(iii) Okay, I have corrected the page numbers within the Bowyer cite.
(iii) Either term above would be British understatement to a fault. Ball was temporarily blinded by oil spraying from a holed tank, and left flying helplessly with an engine about to seize.
(iii) After landing, Ball could not at first dictate his combat report because he "...was in so overwrought a state...." After thanking God, Ball admitted he thought a dying German pilot might ram him.
(iii) The squadron's Recording Officer, Lieutenant T. B. Marson, remarked, "In that event, his nerve failed him in the last."Georgejdorner (talk) 03:35, 23 October 2013 (UTC)
(iv) There are other sources on the talk page referring to minor points (a sentence or two here and there) that I had intended to add at some point. I should have done so earlier, and I'm now not sure whether to return to this article and do that, or not. Really, the discussion from two years ago never came to a proper conclusion. Ideally, that would have been sorted before this FAC. So I'm in a bit of a quandary as to what to do now. Would there be any objections if I tied up those loose ends?
Whatever Ian wants to do with those is fine by me. - Dank (push to talk) 02:18, 23 October 2013 (UTC)
I am certainly open to improvements.Georgejdorner (talk) 03:10, 23 October 2013 (UTC)
Thanks, both of you. I've put more detail about the 'anxious/overwrought' wording on the article talk page. I will do my best to get back to the earlier material on that talk page as soon as possible (either tonight, tomorrow night, or next week). That may give time for Ian to comment as well. Carcharoth (talk) 23:08, 23 October 2013 (UTC)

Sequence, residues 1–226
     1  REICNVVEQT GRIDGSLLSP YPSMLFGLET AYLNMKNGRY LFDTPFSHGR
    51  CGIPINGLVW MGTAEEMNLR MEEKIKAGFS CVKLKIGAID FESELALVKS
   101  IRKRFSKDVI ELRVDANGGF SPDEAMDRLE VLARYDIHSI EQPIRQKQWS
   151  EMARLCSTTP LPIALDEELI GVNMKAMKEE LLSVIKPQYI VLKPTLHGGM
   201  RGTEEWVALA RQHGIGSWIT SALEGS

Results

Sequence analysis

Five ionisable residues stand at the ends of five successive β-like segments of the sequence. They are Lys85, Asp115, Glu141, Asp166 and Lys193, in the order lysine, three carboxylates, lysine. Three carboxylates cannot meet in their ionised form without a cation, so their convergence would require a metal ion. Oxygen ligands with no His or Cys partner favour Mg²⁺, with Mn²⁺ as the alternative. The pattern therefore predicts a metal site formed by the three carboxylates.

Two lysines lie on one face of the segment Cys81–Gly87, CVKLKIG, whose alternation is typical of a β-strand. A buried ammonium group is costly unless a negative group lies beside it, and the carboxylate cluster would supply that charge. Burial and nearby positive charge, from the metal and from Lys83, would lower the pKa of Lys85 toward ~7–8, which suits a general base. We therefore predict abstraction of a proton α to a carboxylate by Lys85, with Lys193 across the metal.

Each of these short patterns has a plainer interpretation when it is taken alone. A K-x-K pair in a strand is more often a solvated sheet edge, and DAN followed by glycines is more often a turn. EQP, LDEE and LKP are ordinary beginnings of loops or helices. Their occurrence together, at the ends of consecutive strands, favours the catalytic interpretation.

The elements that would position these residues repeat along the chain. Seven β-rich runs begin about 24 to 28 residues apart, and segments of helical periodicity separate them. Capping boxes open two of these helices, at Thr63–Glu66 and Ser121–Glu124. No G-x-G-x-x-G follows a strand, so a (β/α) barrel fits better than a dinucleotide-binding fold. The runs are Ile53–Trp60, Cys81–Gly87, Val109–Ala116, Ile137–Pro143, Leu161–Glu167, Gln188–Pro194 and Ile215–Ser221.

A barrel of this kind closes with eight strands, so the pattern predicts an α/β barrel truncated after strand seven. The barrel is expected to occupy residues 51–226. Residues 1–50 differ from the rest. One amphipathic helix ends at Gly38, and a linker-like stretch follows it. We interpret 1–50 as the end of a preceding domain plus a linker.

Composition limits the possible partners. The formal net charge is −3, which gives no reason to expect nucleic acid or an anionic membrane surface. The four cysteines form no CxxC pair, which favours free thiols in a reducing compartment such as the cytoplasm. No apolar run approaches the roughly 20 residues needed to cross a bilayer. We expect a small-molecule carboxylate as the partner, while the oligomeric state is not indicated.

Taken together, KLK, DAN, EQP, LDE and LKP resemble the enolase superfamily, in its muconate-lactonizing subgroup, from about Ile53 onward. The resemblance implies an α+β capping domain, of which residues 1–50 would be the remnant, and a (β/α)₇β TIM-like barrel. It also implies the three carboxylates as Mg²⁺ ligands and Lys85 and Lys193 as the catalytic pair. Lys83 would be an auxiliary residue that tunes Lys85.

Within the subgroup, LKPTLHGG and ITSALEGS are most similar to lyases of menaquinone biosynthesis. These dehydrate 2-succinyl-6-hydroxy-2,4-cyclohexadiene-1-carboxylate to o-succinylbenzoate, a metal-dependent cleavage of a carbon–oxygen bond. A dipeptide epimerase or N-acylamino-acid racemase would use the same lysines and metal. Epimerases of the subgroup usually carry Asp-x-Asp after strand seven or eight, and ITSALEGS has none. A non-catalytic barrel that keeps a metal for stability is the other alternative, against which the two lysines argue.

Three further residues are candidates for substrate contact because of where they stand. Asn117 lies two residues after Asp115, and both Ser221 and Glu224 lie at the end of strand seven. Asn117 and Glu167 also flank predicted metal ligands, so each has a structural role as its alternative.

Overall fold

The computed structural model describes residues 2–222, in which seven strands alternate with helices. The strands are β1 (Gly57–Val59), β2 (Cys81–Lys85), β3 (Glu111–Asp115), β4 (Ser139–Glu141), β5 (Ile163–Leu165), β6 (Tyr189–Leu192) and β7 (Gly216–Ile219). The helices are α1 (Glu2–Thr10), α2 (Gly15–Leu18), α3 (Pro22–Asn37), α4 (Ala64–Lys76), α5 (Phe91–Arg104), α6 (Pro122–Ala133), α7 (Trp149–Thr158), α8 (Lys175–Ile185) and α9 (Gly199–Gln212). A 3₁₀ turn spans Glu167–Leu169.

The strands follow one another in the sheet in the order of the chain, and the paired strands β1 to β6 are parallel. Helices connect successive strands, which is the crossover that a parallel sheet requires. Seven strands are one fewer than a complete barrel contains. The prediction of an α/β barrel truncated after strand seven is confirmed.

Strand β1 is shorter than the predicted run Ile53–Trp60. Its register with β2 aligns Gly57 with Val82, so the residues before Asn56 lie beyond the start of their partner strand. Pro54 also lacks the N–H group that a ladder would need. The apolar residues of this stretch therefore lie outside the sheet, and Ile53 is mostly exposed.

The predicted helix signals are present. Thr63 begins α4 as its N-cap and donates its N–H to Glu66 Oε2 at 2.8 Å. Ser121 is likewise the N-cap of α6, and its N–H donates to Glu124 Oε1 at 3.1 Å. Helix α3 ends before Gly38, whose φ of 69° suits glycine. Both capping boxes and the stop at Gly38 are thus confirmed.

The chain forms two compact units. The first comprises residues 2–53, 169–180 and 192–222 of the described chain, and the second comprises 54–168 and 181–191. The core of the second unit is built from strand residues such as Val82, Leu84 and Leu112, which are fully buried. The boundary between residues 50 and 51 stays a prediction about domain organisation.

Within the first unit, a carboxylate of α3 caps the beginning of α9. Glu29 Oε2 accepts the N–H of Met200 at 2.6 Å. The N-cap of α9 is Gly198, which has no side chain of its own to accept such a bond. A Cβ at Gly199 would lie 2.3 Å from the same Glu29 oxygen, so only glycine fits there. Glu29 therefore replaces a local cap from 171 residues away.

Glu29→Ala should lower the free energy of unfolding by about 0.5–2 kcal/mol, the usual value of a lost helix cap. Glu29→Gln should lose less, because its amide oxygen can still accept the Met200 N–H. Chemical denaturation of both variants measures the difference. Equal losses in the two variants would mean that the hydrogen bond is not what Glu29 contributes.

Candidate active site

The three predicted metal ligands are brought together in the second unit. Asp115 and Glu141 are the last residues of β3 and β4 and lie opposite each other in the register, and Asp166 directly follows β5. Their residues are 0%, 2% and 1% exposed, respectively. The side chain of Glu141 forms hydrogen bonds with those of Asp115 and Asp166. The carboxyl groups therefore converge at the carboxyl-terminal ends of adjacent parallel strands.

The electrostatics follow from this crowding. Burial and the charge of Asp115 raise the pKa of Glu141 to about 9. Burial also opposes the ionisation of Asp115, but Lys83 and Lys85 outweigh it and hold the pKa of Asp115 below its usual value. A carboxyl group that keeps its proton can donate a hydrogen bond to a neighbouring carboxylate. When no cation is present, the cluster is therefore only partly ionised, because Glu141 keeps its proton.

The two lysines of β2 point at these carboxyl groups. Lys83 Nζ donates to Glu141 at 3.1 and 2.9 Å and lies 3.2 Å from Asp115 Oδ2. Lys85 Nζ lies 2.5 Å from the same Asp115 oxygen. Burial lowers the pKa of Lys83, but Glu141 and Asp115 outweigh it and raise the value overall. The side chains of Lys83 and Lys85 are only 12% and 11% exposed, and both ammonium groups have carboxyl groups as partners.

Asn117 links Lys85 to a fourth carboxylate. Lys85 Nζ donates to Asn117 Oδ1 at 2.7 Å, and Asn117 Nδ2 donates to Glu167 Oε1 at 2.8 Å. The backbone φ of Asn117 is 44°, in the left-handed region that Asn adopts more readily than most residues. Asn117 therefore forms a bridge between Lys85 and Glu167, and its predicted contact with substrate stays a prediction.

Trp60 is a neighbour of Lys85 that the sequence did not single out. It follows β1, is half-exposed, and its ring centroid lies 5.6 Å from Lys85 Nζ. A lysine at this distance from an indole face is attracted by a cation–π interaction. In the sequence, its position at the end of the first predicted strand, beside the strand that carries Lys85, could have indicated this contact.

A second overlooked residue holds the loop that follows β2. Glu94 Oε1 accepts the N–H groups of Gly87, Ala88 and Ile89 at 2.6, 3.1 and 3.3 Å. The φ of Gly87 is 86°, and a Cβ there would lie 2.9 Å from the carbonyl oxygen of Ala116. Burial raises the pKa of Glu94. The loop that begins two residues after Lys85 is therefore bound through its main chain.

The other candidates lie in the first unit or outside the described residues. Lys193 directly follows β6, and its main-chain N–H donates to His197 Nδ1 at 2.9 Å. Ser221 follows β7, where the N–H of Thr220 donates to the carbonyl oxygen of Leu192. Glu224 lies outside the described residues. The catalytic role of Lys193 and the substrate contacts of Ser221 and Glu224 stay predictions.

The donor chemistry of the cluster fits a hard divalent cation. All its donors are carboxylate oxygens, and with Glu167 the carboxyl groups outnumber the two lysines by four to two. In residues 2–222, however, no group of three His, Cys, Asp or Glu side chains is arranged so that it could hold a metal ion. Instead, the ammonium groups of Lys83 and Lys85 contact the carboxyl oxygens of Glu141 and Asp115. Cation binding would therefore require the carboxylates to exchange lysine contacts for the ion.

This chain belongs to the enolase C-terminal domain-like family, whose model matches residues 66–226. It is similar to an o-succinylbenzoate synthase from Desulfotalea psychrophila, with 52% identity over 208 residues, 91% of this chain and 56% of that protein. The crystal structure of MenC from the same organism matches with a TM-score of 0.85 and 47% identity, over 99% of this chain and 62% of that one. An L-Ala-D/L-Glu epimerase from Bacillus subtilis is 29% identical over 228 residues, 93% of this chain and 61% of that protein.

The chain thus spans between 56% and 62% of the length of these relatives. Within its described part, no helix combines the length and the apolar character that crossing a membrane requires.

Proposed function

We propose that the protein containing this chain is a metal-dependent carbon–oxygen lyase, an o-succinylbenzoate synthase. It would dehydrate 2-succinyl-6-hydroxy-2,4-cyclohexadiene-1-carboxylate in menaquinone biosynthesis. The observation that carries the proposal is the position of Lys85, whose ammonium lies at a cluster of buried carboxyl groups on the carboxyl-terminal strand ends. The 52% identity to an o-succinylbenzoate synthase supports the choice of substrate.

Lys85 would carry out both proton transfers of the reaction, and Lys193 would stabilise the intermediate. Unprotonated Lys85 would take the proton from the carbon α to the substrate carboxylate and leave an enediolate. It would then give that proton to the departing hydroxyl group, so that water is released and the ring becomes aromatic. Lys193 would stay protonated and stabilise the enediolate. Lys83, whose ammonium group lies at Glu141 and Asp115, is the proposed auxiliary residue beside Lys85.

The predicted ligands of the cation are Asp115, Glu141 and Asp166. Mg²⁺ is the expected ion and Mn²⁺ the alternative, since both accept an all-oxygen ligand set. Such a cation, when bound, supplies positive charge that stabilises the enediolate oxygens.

As I've proclaimed to all involved in the writing/editing of this article, during reviews I'm pragmatic rather than idealistic, mainly because stability is always part of the criteria. There's always more detail out there that can be added in and there's been plenty of time over the years to make tweaks to this article; no WP article is ever 'finished'. Therefore if something in the article under review is demonstrably inaccurate according to reliable sources, it should be altered or excised. If OTOH we're simply talking further detail, well I think it's a fairly well-detailed/nuanced summary of his life, career, and legacy as is and such things can wait until after the review. Cheers, Ian Rose (talk) 22:44, 28 October 2013 (UTC)